#PulpNonFiction: The danger of dishonour

In Salman Rushdie's novel, Fury, at one point the characters get into a discussion about Shakespeare's Othello. They debate why the noble Othello smothers his supposedly beloved wife Desdemona after hearing (what we, the reader know to be unfounded) rumours of her unfaithfulness - without even offering her a chance to explain. How, the characters wonder, can a man murder someone he loves?
#PulpNonFiction: The danger of dishonour

The disturbing conclusion the Fury cast comes to is that Othello was operating under a cultural program defined by honour and dishonour, rather than one defined by sin and forgiveness. There is no redemption in an honour-based society - even the mere accusation - unfounded or not - of dishonour was enough to result in the dishonour of the accused (and everyone associated with them). As such, under an honour/ dishonour paradigm, Othello had no choice but to destroy his beloved.

Whatever you think of the accuracy or fairness of this analysis of Shakespeare’s classic text, it is hard not to notice the parallels between the ideas of honour/dishonour as opposed to sin/forgiveness in our businesses and societies today.

In theory, our constitutional democracies make provision for redemption - those convicted of crimes are punished fiscally, through fines, or physically, through imprisonment, but in all but the most heinous of cases, the possibility of redemption is not just left open, but actually encouraged by our legal systems. This, however, is sadly not the case in some more honour-based societies, where being raped, for example, is seen as justification to murder not just (if even) the perpetrator, but also the victim due to the dishonour the stigma of the crime brings to all who touch it.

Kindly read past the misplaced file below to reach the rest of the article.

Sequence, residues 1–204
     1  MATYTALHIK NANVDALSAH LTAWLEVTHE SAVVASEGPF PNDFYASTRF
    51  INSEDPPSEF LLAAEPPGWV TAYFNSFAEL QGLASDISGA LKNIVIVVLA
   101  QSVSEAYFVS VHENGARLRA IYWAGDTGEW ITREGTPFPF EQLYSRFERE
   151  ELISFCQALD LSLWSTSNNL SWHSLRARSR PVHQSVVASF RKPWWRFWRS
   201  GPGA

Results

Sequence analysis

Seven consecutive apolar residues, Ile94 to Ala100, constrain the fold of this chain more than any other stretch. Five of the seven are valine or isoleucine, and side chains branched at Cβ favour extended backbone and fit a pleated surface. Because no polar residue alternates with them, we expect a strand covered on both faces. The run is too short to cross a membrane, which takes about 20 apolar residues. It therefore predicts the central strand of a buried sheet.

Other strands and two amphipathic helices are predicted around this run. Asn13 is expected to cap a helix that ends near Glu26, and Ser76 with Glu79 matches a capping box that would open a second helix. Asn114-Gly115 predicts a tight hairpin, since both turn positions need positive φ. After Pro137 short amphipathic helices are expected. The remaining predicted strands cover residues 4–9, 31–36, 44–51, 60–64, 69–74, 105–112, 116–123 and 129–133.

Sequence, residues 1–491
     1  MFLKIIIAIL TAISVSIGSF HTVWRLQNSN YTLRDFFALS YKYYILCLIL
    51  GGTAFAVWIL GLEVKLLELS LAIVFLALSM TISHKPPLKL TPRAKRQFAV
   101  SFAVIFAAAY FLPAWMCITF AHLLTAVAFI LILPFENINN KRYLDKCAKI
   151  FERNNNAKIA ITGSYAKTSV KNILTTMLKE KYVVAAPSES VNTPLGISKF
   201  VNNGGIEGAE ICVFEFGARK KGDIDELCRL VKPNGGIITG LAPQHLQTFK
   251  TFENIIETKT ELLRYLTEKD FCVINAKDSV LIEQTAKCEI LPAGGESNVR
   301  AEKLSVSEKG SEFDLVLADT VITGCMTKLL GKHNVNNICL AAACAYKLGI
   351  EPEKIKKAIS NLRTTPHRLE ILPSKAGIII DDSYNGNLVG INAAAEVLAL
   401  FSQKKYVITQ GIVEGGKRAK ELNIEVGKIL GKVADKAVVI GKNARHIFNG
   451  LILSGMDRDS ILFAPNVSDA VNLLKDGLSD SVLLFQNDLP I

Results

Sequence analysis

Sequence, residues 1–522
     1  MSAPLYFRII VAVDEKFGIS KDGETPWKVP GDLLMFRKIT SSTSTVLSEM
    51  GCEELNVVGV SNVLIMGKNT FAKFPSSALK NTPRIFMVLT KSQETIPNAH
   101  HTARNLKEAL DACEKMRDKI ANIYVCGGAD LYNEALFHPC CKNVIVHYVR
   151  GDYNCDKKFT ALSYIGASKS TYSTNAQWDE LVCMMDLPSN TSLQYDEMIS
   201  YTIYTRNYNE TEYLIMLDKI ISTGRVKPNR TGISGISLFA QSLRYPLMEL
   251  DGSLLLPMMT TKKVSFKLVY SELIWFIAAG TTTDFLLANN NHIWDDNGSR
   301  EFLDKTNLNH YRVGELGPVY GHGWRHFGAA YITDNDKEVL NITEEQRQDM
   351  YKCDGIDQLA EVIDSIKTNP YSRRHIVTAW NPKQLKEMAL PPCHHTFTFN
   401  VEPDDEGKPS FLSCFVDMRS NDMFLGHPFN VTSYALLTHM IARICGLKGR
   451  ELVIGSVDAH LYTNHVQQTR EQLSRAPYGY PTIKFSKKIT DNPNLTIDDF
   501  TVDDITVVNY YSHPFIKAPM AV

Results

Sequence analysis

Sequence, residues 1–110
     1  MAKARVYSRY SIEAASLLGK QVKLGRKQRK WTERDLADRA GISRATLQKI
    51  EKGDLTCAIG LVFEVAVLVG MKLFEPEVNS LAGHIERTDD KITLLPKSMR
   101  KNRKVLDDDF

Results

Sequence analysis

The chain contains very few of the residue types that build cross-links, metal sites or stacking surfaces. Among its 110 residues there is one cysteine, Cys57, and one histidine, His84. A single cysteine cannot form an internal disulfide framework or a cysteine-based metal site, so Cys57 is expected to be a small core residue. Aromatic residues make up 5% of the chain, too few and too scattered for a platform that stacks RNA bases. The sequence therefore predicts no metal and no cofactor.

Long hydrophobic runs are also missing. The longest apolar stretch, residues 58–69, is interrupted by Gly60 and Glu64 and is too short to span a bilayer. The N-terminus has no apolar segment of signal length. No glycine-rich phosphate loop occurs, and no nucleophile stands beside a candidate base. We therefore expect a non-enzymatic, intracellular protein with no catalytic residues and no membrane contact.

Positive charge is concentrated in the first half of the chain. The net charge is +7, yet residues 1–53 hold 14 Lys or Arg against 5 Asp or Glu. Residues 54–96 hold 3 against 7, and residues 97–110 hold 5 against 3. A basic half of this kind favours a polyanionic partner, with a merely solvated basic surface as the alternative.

Furthermore, it is also, increasingly, not the case in a secular culture where outside the law, individuals, groups, (and yes, even mobs) are demanding that there can be no atonement for sinners, however old their sins may be. These arguments against reconciliation and rehabilitation are usually framed around “lying in the bed you made for yourself”. The argument that we need to take responsibility for our actions and the harm we cause, is of course, completely valid. However, the argument that you must never stop paying, that rehabilitation is impossible, that once-a-sinner-always-a-sinner, and that forgiveness is weakness, not strength is subtly, but importantly different.

Without the possibility of redemption, what sort of culture will we end up with?

In the office context, it is fairly obvious that if mistakes are punished harshly and mistake-makers shamed for the duration of their employment, risk-taking (yes, even the good kind necessary for growth and seizing new opportunities!) will be suppressed, and, rather more critically, mistakes will be hidden, rather than confessed. This sort of distrust based culture cannot be good for business or morale.

Likewise, with society. A culture that “cancels” without the possibility of “un-cancelling” must accept increased distrust, surveillance and secrecy.

The question is, is this the sort of culture you want to participate in?

About Bronwyn Williams

Futurist, economist and trend analyst. Partner at Flux Trends.
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